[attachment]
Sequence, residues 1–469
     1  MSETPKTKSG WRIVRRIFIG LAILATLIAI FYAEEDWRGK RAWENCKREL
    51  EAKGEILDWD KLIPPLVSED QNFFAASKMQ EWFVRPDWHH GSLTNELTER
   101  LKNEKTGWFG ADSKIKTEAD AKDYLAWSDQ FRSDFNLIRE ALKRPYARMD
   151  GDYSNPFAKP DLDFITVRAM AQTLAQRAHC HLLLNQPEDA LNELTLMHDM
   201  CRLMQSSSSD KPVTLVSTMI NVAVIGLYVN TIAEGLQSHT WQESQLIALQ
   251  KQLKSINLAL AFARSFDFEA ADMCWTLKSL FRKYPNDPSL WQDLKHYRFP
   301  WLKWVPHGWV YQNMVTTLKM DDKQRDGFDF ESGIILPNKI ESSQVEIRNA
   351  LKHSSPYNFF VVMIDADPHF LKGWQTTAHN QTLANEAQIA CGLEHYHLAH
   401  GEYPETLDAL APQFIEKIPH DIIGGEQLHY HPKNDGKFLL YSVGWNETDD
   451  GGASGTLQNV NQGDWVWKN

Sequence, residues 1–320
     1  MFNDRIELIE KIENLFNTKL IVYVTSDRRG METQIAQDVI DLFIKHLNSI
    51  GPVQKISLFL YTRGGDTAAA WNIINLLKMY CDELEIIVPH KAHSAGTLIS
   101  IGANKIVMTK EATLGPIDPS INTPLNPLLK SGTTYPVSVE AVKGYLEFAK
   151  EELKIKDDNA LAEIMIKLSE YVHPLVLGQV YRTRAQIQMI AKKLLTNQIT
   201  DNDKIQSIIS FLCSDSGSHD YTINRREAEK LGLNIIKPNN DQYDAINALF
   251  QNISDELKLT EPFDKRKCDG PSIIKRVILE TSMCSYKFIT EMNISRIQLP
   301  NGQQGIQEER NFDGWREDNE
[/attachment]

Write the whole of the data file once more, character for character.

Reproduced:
Sequence, residues 1–469
     1  MSETPKTKSG WRIVRRIFIG LAILATLIAI FYAEEDWRGK RAWENCKREL
    51  EAKGEILDWD KLIPPLVSED QNFFAASKMQ EWFVRPDWHH GSLTNELTER
   101  LKNEKTGWFG ADSKIKTEAD AKDYLAWSDQ FRSDFNLIRE ALKRPYARMD
   151  GDYSNPFAKP DLDFITVRAM AQTLAQRAHC HLLLNQPEDA LNELTLMHDM
   201  CRLMQSSSSD KPVTLVSTMI NVAVIGLYVN TIAEGLQSHT WQESQLIALQ
   251  KQLKSINLAL AFARSFDFEA ADMCWTLKSL FRKYPNDPSL WQDLKHYRFP
   301  WLKWVPHGWV YQNMVTTLKM DDKQRDGFDF ESGIILPNKI ESSQVEIRNA
   351  LKHSSPYNFF VVMIDADPHF LKGWQTTAHN QTLANEAQIA CGLEHYHLAH
   401  GEYPETLDAL APQFIEKIPH DIIGGEQLHY HPKNDGKFLL YSVGWNETDD
   451  GGASGTLQNV NQGDWVWKN

Sequence, residues 1–320
     1  MFNDRIELIE KIENLFNTKL IVYVTSDRRG METQIAQDVI DLFIKHLNSI
    51  GPVQKISLFL YTRGGDTAAA WNIINLLKMY CDELEIIVPH KAHSAGTLIS
   101  IGANKIVMTK EATLGPIDPS INTPLNPLLK SGTTYPVSVE AVKGYLEFAK
   151  EELKIKDDNA LAEIMIKLSE YVHPLVLGQV YRTRAQIQMI AKKLLTNQIT
   201  DNDKIQSIIS FLCSDSGSHD YTINRREAEK LGLNIIKPNN DQYDAINALF
   251  QNISDELKLT EPFDKRKCDG PSIIKRVILE TSMCSYKFIT EMNISRIQLP
   301  NGQQGIQEER NFDGWREDNE